I was told socializing with gang members is a violation, yet I'm GP (General Population) so of course I socialize with the fellas around me. I received a letter from a friend on the street who is from the same neighborhood as me, so he closed the letter with our street name. I was told by gang units this was a violation and "promoting gangs". Really? So I must not speak to friends I grew up with because CDCR says so?
Anyway, myself and a few others did not last more than days and we are now under investigation (for what? I've no clue). So for those of you who are active as I am, I wish you luck if you can actually go to the line without dropping out and not coming back. STG kickouts were not designed for us actives.
MIM(Prisons) responds: We believe the program this prisoner writes about is the same as the new STG Step Down program in California. We have reported from others that this is a revolving door that will not really address the problem of Security Threat Group validation, which locks prisoners up in long-term isolation on flimsy "evidence" of membership in a lumpen organization. The reality is, prisons target lumpen organizations out of fear for what they represent. Organizations of the oppressed, many of which get involved in some organizing against the criminal injustice system, are a scary thing to the oppressors. And when these organizations start coming together and building unity to fight broader anti-imperialist battles, like has happened in California around the July 8 hunger strike, this is even more dangerous for the system.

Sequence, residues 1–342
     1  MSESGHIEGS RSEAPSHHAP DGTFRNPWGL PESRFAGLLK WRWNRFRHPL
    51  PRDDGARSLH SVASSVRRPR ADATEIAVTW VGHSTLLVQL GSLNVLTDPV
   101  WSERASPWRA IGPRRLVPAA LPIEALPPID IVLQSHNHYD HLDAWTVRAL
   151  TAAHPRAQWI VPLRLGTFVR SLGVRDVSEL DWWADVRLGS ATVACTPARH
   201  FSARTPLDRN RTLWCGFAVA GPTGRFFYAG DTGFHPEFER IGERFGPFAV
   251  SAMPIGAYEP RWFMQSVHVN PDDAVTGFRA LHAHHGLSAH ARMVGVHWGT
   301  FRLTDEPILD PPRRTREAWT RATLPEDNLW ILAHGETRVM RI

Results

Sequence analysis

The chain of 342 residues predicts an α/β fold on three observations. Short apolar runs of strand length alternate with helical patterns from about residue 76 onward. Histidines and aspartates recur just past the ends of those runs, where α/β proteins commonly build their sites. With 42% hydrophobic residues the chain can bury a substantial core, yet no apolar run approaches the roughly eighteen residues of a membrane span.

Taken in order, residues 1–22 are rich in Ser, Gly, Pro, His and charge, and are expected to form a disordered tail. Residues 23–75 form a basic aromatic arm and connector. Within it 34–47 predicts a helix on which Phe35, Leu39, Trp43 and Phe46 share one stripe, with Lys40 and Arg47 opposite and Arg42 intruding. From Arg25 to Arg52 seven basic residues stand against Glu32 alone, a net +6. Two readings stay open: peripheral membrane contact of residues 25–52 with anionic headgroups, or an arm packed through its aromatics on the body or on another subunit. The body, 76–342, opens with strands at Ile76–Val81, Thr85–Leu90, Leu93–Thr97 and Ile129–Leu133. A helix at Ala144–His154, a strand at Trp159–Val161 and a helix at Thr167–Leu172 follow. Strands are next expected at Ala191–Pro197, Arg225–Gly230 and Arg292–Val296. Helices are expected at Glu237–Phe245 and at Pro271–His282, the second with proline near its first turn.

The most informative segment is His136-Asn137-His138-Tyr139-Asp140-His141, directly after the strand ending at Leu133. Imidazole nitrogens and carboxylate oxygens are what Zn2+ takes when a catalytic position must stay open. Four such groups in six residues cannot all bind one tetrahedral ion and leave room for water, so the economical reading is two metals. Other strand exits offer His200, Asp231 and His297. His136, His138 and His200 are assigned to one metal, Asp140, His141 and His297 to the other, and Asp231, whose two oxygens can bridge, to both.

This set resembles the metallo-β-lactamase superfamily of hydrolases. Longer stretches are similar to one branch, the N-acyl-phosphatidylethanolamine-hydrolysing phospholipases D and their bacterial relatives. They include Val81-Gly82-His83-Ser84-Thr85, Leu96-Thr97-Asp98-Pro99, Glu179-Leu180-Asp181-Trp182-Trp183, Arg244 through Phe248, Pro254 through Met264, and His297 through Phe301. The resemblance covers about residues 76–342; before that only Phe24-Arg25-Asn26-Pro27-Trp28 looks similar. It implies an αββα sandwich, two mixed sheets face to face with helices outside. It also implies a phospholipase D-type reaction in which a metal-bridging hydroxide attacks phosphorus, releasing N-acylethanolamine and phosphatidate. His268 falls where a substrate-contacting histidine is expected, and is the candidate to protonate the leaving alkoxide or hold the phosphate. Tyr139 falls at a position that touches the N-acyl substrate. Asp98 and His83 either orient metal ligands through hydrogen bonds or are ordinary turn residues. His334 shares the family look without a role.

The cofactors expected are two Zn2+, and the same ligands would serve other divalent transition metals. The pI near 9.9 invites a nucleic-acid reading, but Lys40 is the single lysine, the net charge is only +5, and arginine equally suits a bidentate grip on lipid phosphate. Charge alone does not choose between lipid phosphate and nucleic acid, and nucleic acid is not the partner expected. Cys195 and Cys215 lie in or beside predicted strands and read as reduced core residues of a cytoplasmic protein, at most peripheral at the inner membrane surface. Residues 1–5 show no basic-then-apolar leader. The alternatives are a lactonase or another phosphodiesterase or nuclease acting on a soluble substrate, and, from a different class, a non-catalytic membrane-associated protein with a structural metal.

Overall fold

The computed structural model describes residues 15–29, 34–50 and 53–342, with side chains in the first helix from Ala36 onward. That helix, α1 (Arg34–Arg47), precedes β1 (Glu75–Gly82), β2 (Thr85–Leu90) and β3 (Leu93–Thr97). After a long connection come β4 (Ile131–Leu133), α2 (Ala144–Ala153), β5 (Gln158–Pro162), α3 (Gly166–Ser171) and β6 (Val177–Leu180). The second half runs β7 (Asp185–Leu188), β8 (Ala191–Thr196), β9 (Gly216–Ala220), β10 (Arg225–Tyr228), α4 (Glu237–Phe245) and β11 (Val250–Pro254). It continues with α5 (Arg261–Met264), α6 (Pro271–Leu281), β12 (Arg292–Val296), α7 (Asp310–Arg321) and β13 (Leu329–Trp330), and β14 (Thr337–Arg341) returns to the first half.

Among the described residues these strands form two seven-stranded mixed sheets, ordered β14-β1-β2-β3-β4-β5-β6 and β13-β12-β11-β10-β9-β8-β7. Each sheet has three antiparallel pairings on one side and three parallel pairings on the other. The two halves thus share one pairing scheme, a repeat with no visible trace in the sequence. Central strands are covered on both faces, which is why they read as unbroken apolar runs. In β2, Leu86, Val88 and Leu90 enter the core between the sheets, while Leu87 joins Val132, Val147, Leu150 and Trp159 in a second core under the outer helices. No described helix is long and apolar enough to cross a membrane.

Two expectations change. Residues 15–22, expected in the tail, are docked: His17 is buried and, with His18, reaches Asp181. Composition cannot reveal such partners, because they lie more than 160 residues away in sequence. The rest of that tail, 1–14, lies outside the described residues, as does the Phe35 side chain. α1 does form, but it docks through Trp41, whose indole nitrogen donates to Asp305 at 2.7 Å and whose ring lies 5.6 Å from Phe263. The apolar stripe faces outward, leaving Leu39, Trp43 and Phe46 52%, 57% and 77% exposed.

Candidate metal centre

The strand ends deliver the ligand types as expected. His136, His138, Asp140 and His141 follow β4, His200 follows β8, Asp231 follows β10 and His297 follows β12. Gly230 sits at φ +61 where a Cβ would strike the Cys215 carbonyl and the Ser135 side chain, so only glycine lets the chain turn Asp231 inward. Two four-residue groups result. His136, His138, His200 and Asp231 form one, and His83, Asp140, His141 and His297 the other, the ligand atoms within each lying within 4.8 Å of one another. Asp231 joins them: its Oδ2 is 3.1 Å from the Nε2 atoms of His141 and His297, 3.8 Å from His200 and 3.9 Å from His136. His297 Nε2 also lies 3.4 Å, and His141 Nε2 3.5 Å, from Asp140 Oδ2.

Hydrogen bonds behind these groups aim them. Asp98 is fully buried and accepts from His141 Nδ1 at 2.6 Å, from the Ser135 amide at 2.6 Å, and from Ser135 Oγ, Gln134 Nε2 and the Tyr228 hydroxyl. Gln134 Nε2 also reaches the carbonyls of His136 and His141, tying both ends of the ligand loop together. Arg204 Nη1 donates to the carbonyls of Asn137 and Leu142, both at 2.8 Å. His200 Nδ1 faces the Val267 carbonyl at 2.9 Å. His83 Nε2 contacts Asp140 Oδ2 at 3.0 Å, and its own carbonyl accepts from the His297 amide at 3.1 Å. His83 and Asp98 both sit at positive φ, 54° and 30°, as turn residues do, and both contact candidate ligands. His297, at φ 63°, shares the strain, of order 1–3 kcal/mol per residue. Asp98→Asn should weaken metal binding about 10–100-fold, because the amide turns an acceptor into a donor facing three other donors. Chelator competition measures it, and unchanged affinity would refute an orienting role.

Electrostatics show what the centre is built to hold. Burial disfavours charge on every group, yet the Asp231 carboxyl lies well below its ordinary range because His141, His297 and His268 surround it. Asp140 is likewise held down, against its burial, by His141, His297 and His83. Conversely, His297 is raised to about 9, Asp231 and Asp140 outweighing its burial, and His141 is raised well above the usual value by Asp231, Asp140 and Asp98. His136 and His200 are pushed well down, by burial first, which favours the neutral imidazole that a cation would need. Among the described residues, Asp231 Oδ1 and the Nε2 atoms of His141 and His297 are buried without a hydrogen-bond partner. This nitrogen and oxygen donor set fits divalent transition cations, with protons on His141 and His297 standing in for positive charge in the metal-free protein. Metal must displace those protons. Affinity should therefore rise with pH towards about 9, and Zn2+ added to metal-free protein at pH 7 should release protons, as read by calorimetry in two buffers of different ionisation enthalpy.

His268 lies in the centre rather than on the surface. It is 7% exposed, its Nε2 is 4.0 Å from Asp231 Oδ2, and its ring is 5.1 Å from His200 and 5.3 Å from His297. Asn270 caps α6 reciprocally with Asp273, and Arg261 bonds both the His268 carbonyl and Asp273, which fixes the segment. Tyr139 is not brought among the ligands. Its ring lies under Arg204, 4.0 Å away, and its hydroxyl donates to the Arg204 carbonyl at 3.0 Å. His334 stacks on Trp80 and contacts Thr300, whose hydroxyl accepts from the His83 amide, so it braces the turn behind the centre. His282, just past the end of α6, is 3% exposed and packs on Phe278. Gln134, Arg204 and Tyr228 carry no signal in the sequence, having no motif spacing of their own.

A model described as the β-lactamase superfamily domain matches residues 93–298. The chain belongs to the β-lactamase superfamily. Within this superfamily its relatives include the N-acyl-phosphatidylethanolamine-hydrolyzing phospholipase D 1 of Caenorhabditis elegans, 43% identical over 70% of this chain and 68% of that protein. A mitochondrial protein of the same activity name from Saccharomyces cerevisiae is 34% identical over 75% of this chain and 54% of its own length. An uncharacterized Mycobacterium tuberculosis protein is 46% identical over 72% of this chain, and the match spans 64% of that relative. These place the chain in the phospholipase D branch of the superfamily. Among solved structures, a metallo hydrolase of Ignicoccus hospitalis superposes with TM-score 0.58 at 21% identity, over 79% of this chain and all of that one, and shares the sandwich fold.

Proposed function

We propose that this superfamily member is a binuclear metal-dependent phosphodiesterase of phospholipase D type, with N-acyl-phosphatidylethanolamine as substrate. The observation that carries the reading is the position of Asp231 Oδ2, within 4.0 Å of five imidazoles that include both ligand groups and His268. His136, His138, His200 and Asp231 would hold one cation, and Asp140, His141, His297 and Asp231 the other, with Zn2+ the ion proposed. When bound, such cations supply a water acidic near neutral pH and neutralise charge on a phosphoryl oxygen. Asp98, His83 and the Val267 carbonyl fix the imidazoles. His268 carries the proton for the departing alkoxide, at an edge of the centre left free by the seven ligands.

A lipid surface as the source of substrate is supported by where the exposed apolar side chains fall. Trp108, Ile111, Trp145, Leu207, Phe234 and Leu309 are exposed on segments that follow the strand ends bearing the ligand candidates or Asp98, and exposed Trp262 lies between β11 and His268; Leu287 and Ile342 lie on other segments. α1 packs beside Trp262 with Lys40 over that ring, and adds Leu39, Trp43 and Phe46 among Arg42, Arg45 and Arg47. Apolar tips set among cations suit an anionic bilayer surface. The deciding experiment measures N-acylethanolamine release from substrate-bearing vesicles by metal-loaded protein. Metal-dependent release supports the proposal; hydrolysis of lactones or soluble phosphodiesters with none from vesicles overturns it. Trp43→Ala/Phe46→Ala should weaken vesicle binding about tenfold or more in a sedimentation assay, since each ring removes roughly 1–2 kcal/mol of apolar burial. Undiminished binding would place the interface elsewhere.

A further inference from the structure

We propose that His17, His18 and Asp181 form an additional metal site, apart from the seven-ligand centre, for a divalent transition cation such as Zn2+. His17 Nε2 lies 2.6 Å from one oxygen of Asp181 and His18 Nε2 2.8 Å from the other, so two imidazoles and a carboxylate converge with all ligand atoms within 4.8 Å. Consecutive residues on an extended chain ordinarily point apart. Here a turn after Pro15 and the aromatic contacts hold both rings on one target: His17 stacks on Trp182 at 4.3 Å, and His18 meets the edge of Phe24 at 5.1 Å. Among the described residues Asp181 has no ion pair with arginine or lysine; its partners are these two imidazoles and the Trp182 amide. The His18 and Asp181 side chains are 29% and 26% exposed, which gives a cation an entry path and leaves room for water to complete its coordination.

In 2001 at the Lynaugh Unit in Fort Stockton while at medical out in the cage "outside waiting" a man came out of medical and turned around and hit the door, then fell out. The guard kicked the man and told him to go to his cell. Then the guard kicked him once more and told him once more to go to his cell. The man was dead! He had gone to medical to complain about chest pain. The doctor and nurse checked him out and told him that nothing was wrong. This is due to the lack of real medical attention given in prison.
MIM(Prisons) adds: Medical neglect is a serious problem in Amerikan prisons. While the government reports deaths in custody, they do not report how many of those were avoidable. Under Lock & Key reports many deaths as well as cases of medical neglect that do not immediately lead to death, but we only cover a small number of the incidents. Exposing this abuse is a critical element in our fight against the criminal injustice system. We need to share this information both with other prisoners and with people on the streets, and urge them to think about why we have a prison system that wants to let people die of neglect. This is not a system trying to rehabilitate people, it is a system of social control, serving imperialism.